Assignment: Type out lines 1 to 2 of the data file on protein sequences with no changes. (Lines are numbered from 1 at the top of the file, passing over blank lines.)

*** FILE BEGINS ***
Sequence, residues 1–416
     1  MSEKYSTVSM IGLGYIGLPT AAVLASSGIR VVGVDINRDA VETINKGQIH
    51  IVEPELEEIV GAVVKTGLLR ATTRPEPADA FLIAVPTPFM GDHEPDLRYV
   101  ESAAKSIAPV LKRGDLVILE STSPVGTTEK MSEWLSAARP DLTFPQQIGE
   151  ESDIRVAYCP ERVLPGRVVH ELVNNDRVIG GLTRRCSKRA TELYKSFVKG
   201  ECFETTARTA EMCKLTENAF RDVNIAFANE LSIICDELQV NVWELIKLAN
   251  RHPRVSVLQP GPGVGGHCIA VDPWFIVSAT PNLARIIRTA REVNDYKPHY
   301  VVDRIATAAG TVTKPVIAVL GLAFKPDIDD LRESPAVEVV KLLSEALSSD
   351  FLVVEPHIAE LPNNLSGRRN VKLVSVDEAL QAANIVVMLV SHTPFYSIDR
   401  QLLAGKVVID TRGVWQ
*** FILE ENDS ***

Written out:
Sequence, residues 1–416
     1  MSEKYSTVSM IGLGYIGLPT AAVLASSGIR VVGVDINRDA VETINKGQIH